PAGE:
Looking after your eye health this summer

Almost two million Britons suffer with diminished vision but studies suggest it is possible to slow or even prevent damage. According to optometrists, there are many ways to improve eyesight, from vision exercises to a better diet and supplementation.

1. The 21st Century tires our eyes

Optometrist Ian White (www.eyevisits.com) says: “Nearly 80% of the population are using computers, mobile phones and staring intently at some sort of screen or device for more than three hours a day. This Tech Age has taken a toll on our eyesight. There are some simple changes you can make such as:

The 20/20/20 rule: work for 20 minutes then look 20 feet away for 20 seconds.

Sticking a note on your computer screen to remind you to ‘blink’. Studies have shown blink rates reduce by up to 70% when concentrating on a computer screen, which leads to dry and uncomfortable eyes.

Optimising the position of your computer screen to make sure it’s at the correct height and tilted at the right angle for you.

Keeping it clean – really simple but it’s surprising how many people strain their eyes by looking at dirty, smudged screens or struggle to see through greasy lenses in their glasses.

Trying to minimise visual glare in your working environment by reducing reflections from fluorescent lighting and having appropriate blinds on nearby windows. For those that wear spectacles, ensure you have an anti-reflective coating on your lenses.”

2. Traffic light your way to great eye health

Rob Hobson, Healthspan’s Head of Nutrition says: “The National Eye Institute and other vision experts advise that a healthy diet is an important factor in eye health. Researchers have found that certain nutrients with antioxidant properties are beneficial. These include carotenoid compounds such as beta-carotene, lutein and zeaxanthin, and vitamins C and E. Zinc and omega 3 fatty acids are also important for eye health. A great tip is to simply ‘traffic light’ your way to great eye health. Greens such as kale are high in lutein and zeaxanthin, which are concentrated in the macula of the eye and help to filter out harmful light that can cause damage. Red and orange foods such as squash and tomatoes are rich in lycopene and beta-carotene that increase the skins defenses against UV radiation and also help maintain the health and appearance of skin.  Not a substitute for sunscreen, but offers added protection.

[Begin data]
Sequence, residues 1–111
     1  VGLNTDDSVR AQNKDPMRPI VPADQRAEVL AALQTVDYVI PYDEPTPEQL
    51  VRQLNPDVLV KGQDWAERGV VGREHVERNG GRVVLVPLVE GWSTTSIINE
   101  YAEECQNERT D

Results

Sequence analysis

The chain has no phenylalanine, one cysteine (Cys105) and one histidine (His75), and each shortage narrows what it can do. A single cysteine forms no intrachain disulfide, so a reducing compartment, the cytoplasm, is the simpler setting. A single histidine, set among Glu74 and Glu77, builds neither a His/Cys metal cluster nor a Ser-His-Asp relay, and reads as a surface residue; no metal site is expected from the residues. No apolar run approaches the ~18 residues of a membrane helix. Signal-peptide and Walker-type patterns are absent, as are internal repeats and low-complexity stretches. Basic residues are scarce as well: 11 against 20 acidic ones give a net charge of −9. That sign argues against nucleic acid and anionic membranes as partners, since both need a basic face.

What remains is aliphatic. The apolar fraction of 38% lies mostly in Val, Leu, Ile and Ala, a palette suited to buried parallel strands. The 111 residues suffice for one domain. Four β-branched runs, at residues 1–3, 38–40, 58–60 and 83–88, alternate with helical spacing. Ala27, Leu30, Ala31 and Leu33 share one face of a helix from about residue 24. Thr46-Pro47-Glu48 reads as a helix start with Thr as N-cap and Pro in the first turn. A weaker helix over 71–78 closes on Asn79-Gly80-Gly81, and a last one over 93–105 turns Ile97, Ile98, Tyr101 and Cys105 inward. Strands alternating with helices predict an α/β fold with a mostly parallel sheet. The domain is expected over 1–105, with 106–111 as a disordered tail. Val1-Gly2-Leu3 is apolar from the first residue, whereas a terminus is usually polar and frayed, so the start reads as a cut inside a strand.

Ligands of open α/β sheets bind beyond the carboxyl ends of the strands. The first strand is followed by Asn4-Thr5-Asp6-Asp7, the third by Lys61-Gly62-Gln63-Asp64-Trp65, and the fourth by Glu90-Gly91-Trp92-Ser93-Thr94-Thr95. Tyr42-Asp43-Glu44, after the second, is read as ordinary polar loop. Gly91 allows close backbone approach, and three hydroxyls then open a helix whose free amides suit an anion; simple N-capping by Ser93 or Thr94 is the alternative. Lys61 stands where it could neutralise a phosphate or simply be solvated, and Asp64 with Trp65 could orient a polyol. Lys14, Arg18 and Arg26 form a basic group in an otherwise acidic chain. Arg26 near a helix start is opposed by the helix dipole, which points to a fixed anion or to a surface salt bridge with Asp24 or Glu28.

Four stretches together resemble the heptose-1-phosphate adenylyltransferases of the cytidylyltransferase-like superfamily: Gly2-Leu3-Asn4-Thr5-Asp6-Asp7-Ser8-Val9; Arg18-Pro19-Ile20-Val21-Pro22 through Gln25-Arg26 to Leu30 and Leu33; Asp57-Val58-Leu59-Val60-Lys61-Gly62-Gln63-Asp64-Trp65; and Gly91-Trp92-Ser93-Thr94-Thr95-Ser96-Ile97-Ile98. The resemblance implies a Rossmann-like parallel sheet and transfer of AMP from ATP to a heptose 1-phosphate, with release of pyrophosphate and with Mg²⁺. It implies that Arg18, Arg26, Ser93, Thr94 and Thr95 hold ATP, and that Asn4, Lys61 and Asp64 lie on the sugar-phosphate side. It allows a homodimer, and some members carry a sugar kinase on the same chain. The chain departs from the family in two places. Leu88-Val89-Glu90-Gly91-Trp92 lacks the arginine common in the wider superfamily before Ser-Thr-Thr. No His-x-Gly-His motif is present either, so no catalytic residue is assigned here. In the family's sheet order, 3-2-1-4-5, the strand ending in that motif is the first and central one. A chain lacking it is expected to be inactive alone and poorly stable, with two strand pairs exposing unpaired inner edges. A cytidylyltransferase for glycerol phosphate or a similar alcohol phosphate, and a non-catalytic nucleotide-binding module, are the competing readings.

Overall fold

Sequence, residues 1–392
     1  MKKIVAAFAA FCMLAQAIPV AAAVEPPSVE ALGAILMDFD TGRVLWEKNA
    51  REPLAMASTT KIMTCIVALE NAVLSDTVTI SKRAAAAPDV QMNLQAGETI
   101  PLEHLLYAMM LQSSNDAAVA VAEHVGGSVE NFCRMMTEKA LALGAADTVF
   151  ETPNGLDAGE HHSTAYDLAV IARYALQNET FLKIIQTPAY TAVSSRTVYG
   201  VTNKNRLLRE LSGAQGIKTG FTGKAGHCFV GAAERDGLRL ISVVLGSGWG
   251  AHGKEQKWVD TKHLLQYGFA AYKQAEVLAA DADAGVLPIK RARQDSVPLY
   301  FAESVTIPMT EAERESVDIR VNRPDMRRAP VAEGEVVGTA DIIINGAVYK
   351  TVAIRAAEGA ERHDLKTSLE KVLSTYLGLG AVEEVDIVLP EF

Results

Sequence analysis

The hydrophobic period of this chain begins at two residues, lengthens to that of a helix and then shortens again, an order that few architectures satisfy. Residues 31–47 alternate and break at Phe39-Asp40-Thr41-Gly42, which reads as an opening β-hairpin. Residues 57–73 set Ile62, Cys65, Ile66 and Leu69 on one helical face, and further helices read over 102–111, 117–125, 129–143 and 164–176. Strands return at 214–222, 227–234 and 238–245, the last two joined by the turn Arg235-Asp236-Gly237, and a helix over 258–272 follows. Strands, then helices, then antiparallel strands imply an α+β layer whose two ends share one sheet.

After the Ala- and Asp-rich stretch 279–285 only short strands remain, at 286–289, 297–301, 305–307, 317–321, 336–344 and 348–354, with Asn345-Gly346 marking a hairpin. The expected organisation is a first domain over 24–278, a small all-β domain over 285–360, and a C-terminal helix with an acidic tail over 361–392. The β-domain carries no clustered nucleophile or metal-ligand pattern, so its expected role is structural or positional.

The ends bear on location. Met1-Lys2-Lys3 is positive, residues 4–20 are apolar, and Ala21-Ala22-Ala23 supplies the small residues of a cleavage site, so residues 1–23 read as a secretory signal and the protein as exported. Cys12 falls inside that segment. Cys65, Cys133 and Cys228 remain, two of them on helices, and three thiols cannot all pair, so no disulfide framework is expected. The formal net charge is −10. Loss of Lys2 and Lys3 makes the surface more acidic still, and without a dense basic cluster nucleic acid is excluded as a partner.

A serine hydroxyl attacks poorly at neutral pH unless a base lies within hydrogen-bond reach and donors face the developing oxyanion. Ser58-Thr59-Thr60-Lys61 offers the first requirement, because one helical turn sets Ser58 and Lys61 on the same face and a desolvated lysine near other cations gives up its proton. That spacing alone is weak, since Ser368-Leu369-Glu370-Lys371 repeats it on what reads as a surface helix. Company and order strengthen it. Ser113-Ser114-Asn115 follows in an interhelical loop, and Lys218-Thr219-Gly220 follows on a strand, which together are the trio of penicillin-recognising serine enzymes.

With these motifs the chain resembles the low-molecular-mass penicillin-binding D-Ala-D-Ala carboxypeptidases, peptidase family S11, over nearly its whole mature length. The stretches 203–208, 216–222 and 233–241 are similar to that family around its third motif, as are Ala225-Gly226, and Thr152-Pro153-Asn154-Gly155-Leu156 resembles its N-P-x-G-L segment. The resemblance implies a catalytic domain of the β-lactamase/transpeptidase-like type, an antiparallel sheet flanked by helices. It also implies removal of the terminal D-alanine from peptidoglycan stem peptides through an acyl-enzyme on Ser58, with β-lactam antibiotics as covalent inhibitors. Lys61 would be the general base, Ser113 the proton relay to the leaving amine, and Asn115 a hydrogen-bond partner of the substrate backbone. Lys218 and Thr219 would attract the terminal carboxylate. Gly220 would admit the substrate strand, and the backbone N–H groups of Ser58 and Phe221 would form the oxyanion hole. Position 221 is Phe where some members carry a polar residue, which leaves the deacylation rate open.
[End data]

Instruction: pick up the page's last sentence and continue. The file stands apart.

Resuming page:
3. Stock up on some key eye care essentials for the summer

Stock up on eye care products that will offer relief for irritated, puffy eyes that is caused by hay fever and other airborne pollutants this summer. Keep to hand A Vogel Eye Drops (£9.40, 10mls) which contain Hyaluronic acid that mimics the natural tear film by enhancing hydration of the corneal surface helping to wash away pollen, and Euphrasia which contains tannins that help reduce inflammation in the eye and caffeic acid that is antiseptic.

Dr Colin Parsloe, ophthalmologist at the Lister Hospital says: “Warm, dry climates can contribute to tear film evaporation, as can drying air conditioning, and chemicals from the pool or even sea water can leave your eyes feeling sore and irritated. Relaxing by the pool reading from your tablet or smartphone can also reduce the frequency with which we blink. If you’re not blinking then the tears will evaporate from the surface of the eye leaving dry spots resulting in inflammation, redness and pain.

We normally blink to refresh our tears once every 10 seconds but when you concentrate or read from tablet or other smart device, your blink rate reduces and research evidence shows that some people may only blink after two minutes! A hot eye compress can be a valuable holiday accessory if you find your eyes are sore, dry and itchy by the end of the day.”